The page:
Understanding Book Value: What Buffett REALLY Means About This Accounting Metric


Warren Buffett is probably the most watched investor in the world. Many asset managers seek to emulate its movements. This is not surprising considering its impressive track record of generating above-average returns for the U.S. stock market for six decades. So when the Sage of Omaha seems to be throwing a favorite measuring tool out of his scan kit, it’s inevitable that serious investors will pay close attention to it. For some, Buffett recently hinted that book value was an outdated metric. Not so fast, says financial journalist Ruan Jooste, who has dissected the details in this fascinating analysis of why Buffett rethought book value’s place in equity analysis. This article is republished on Biznews courtesy of The Daily Maverick, where it first appeared. – Jackie Cameron

By Ruan Jooste

For more than 50 years, Berkshire Hathaway chairman Warren Buffett was perhaps known as the biggest fan of “book value”. He followed the Benjamin graham school of value investment, so he didn’t just grow up with that mindset – it was in his blood.

Over the years, Buffett identified stocks that were unduly priced below their book value (intrinsic value) by his market peers and expressed his belief that the market would end up favoring those quality stocks in the longer term. , what they did.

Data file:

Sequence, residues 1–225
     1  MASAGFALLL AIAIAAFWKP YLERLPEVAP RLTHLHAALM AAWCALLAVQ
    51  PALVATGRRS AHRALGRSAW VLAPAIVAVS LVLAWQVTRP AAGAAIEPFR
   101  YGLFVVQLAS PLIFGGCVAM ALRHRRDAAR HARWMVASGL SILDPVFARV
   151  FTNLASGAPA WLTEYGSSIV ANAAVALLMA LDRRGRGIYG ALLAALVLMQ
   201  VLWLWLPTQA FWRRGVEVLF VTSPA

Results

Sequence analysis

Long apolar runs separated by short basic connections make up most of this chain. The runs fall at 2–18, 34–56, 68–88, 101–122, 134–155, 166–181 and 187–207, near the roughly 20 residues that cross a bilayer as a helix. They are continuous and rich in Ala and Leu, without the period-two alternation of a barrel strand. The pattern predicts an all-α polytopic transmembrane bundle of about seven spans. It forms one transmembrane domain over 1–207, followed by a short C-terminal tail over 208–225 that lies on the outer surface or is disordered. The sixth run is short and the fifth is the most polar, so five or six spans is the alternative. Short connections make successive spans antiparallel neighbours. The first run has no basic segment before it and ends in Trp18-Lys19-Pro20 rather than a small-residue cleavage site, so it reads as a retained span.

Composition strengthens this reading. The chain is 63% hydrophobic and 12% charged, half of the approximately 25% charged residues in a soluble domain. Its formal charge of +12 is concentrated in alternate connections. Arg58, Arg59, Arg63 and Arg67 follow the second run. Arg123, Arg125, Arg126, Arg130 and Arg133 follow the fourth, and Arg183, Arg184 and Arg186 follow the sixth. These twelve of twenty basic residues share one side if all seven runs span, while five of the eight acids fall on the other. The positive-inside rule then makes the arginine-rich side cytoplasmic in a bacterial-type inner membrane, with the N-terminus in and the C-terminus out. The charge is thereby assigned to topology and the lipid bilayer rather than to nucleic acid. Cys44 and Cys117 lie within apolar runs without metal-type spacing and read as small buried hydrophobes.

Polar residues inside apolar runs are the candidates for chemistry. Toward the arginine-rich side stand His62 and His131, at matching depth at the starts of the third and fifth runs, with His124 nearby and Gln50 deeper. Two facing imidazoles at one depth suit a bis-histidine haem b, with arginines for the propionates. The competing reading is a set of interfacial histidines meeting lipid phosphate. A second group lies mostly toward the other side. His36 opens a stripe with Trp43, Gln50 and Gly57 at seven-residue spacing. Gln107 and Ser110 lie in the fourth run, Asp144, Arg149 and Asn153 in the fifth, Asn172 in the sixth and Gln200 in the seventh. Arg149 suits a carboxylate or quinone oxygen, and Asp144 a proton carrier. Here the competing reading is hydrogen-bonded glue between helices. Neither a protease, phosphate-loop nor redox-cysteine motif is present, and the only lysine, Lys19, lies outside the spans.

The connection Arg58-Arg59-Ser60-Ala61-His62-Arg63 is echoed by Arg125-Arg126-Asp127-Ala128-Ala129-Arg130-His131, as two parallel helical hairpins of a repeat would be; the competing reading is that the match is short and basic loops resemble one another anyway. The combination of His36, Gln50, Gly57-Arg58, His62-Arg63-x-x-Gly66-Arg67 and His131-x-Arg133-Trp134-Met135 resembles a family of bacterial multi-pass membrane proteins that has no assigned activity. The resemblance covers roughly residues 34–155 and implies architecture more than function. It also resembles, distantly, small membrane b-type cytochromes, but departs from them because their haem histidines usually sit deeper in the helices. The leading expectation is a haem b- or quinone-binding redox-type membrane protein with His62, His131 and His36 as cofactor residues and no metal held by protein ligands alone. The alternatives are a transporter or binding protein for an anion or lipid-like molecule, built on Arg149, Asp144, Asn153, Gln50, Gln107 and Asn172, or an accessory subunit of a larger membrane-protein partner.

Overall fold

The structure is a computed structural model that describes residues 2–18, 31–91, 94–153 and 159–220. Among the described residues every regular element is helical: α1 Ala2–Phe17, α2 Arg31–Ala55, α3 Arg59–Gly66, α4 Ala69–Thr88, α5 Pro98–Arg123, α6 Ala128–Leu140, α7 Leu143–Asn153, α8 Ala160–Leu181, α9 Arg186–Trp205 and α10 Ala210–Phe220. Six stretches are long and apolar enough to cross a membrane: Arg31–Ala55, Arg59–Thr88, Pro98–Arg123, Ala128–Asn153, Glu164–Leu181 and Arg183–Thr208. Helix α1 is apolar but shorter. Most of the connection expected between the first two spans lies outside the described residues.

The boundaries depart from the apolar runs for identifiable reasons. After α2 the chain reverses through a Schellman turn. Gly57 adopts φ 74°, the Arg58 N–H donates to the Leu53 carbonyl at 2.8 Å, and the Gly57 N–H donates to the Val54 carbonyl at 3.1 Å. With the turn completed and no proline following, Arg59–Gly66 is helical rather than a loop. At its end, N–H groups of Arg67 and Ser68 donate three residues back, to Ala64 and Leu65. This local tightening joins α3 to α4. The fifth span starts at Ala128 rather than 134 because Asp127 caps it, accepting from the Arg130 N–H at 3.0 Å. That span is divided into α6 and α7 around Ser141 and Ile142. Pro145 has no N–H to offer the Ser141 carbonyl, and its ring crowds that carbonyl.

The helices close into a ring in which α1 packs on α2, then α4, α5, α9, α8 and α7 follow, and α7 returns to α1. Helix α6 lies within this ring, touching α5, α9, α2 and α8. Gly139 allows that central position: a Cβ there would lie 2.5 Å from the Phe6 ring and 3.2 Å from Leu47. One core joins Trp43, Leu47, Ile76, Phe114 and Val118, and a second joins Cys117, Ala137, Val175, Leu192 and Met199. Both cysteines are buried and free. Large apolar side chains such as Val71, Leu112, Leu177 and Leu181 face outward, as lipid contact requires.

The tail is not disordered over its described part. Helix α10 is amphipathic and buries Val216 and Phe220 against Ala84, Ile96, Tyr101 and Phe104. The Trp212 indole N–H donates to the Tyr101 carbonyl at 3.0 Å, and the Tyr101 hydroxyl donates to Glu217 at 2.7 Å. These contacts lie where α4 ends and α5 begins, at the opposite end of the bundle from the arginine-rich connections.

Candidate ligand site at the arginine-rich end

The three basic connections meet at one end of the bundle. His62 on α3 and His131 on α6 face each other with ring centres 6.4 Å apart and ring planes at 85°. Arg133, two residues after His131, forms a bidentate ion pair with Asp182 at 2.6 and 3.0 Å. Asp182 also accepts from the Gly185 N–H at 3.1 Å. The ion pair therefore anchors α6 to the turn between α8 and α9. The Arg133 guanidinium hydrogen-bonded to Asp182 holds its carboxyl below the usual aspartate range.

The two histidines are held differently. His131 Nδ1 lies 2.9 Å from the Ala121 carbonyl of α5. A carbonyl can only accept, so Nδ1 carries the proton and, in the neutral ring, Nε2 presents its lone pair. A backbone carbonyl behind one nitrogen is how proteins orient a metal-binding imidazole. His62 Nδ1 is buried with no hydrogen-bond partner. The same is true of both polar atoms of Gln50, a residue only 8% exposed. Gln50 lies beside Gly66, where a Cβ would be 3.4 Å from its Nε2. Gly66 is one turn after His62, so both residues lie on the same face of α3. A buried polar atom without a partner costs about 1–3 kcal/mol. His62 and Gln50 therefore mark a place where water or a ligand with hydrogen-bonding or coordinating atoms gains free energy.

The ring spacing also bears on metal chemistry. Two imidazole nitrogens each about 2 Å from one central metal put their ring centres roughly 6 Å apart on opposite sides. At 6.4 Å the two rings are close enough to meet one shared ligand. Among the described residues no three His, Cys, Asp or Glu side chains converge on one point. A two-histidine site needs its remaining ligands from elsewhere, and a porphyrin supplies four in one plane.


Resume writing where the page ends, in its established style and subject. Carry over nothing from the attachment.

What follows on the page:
Coca-Cola is a good example. The beverage company is Berkshire’s third-largest holding, more than 30 years after first joining the portfolio, and has grown almost 16 times over the following years taking into account dividends.

Buffett was never concerned with the complexities of supply and demand in the stock market. Paraphrasing his quote:

In the short term, the market is a voting machine; in the long run, it is a weighing machine.

As stated in Berkshire Q2-2019 10-Q, the book value at June 30 was $ 382.5 billion. Adding in a gain of $ 6.3 billion from changes in equity values ​​and $ 6.5 billion in operating profit, he forecast a book value of $ 395.3 billion for Q3- 19.

Longtime readers of its annual letter to shareholders would have noticed a significant change in the melody of the Oracle of Omaha in 2019. For nearly three decades, the initial paragraph presented the percentage change in book value per share of Berkshire, but in March he wrote: